`Q.Matrix` Initialized as `Q.Matrix.createIdentity( 2 )`. Described by the following matrix:
 1 0 0 1
• IDENTITY_3X3
`Q.Matrix` Initialized as `Q.Matrix.createIdentity( 3 )`. Described by the following matrix:
 1 0 0 0 1 0 0 0 1
• IDENTITY_4X4
`Q.Matrix` Initialized as `Q.Matrix.createIdentity( 4 )`. Described by the following matrix:
 1 0 0 0 0 1 0 0 0 0 1 0 0 0 0 1
• CONSTANT0_2X2
`Q.Matrix` Initialized as
``````
new Q.Matrix(
[ 1, 1 ],
[ 0, 0 ])
``````
Described by the following matrix:
 1 1 0 0
• CONSTANT1_2X2
`Q.Matrix` Initialized as
``````
new Q.Matrix(
[ 0, 0 ],
[ 1, 1 ])
``````
Described by the following matrix:
 0 0 1 1
• NEGATION_2X2
`Q.Matrix` Initialized as
``````
new Q.Matrix(
[ 0, 1 ],
[ 1, 0 ])
``````
Described by the following matrix:
 0 1 1 0
• TEST_MAP_9X9
`Q.Matrix` Initialized as
``````
new Q.Matrix(
[ 11, 21, 31, 41, 51, 61, 71, 81, 91 ],
[ 12, 22, 32, 42, 52, 62, 72, 82, 92 ],
[ 13, 23, 33, 43, 53, 63, 73, 83, 93 ],
[ 14, 24, 34, 44, 54, 64, 74, 84, 94 ],
[ 15, 25, 35, 45, 55, 65, 75, 85, 95 ],
[ 16, 26, 36, 46, 56, 66, 76, 86, 96 ],
[ 17, 27, 37, 47, 57, 67, 77, 87, 97 ],
[ 18, 28, 38, 48, 58, 68, 78, 88, 98 ],
[ 19, 29, 39, 49, 59, 69, 79, 89, 99 ])
``````
Described by the following matrix:
 11 21 31 41 51 61 71 81 91 12 22 32 42 52 62 72 82 92 13 23 33 43 53 63 73 83 93 14 24 34 44 54 64 74 84 94 15 25 35 45 55 65 75 85 95 16 26 36 46 56 66 76 86 96 17 27 37 47 57 67 77 87 97 18 28 38 48 58 68 78 88 98 19 29 39 49 59 69 79 89 99

#### Static inspection

• isMatrixLike
`Function( object: * ) ⇒ Boolean` Returns `true` if `object` is an instance of `Q.Matrix` or if `Q.Matrix` is in `object`’s prototype chain, otherwise returns `false`.
• getWidth
`Function( m: Q.Matrix ) ⇒ Number` Returns the number of columns in this matrix.
• getHeight
`Function( m: Q.Matrix ) ⇒ Number` Returns the number of rows in this matrix.
• haveEqualDimensions
`Function( a: Q.Matrix, b: Q.Matrix ) ⇒ Boolean` Returns `true` if both matrices have the same number of rows and the same number of columns, otherwise returns `false`.
• isWithinRange
`Function( n: Number, minimum: Number, maximum: Number ) ⇒ Boolean` Returns `true` if `n` is an integer, and is greater than or equal to `minimum`, and is less than or equal to `maximum`, otherwise returns `false`. Used to determine if a value is a valid row or column number.

#### Creation from description

• createSquare
`Function([ size: Number = 2[, f: Function = function(){ return 0 }]]) ⇒ Q.Matrix` Creates a square matrix of width and height equal to `size`. `f` is invoked for each cell of the matrix and is passed two arguments, `x: Number` and `y: Number`, which correspond to the address of the cell. The result of `f` is then assigned to that cell. Returns the resulting matrix.
• createZero
`Function( size: Number ) ⇒ Q.Matrix` Calls `createSquare` with the passed `size` argument, but no function argument, to yield a matrix of all zeros. Returns the resulting matrix.
• createOne
`Function( size: Number ) ⇒ Q.Matrix` Calls `createSquare` with the passed `size` argument, and an `f` argument that invariably returns `1`, to yield a matrix of all ones. Returns the resulting matrix.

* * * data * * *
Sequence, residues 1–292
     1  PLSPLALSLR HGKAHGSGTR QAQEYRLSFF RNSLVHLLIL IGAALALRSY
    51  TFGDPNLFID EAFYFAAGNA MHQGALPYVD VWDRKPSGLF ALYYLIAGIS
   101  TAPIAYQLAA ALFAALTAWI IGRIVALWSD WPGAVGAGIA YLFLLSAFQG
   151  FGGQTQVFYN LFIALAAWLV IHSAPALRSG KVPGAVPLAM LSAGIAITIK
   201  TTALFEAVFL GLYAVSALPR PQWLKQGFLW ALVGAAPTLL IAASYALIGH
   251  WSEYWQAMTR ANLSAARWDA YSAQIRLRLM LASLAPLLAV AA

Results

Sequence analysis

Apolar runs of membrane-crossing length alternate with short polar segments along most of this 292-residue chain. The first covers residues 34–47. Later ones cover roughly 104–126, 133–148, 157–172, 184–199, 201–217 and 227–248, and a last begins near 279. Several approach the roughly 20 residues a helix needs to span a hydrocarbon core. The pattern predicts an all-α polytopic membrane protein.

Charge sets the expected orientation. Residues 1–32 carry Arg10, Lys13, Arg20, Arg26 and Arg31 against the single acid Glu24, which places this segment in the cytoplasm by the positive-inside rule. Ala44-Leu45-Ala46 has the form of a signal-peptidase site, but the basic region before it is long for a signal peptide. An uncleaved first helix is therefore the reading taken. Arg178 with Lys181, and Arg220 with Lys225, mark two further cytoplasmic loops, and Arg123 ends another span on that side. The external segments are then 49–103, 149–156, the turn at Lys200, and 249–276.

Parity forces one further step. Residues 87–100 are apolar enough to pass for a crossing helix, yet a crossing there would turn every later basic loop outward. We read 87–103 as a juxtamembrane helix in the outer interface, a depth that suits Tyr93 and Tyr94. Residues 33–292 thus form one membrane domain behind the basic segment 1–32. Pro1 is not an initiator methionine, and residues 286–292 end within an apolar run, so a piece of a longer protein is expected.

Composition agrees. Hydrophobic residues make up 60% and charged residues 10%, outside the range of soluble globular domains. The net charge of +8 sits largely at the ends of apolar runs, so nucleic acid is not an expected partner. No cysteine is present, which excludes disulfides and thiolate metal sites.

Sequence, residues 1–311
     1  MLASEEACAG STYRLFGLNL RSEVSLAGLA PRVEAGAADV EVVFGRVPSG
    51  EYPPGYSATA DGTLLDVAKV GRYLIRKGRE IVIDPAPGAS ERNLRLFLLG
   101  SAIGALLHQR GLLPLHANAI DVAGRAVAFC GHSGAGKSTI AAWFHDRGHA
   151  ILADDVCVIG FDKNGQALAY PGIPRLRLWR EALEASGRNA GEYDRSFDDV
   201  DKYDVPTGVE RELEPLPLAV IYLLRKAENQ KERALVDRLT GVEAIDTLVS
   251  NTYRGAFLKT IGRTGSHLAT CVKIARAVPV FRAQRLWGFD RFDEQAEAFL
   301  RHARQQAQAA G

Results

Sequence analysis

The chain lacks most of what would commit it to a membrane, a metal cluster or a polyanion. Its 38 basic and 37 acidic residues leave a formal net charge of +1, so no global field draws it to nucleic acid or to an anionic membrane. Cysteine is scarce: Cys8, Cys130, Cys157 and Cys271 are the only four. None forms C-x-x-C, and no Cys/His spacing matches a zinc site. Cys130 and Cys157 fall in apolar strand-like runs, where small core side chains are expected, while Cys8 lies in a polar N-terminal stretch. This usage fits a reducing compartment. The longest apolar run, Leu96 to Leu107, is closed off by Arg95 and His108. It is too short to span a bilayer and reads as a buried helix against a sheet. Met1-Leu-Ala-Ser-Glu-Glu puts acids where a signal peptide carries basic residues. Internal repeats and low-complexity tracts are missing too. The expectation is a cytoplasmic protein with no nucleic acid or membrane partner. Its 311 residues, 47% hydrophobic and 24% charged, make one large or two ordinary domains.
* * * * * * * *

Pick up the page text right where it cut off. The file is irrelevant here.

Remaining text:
• createIdentity
`Function( size: Number ) ⇒ Q.Matrix` Calls `createSquare` with the passed `size` argument, and an `f` argument that yields an identity matrix. Returns the resulting matrix.

#### Creation from data import

• fromArray
`Function( array: Array ) ⇒ Q.Matrix` Ingests matrix data from an `Array` of values where each element represents a row that is itself an `Array` of values, and returns the result. Note how this differs from the `Matrix` constructor which uses the function’s `Array`-like arguments list directly.
• fromXsv
`Function( input: String, rowSeparator: String, valueSeparator: String ) ⇒ Q.Matrix` Ingests matrix data from a `String` of values that are sepearated in to rows by `rowSeparator` and separated in to values (columns) by `valueSeparator`, and returns the result.
• fromCsv
`Function( csv: String ) ⇒ Q.Matrix` Ingests matrix data from a `String` of comma-separated-values and returns the result.
• fromTsv
`Function( tsv: String ) ⇒ Q.Matrix` Ingests matrix data from a `String` of tab-separated-values and returns the result.
• fromHtml
`Function( html: String ) ⇒ Q.Matrix` Ingests matrix data from a `String` of HTML table code and returns the result.

#### Static maths

`Function( a: Q.Matrix, b: Q.Matrix ) ⇒ Q.Matrix` Adds the two supplied matrices together and returns the result.
• multiplyScalar
`Function( a: Q.Matrix, b: Number ) ⇒ Q.Matrix` Multiplies the supplied matrix by the supplied scalar and returns the result.
• multiply
`Function( a: Q.Matrix, b: Q.Matrix ) ⇒ Q.Matrix` Multiplies the two supplied matrices together and returns the result.
• multiplyTensor
`Function( a: Q.Matrix, b: Q.Matrix ) ⇒ Q.Matrix` Returns the `tensor product` of the two supplied matrices.

### Prototype properties

#### Self inspection

• isValidRow
`Function( rowIndex: Number ) ⇒ Boolean` Returns true if `rowIndex` is greater than or equal to zero and is less than the height of this matrix, otherwise returns `false`. Will return a `Boolean` value, thereby halting “Fluent interface” method chaining for this instance.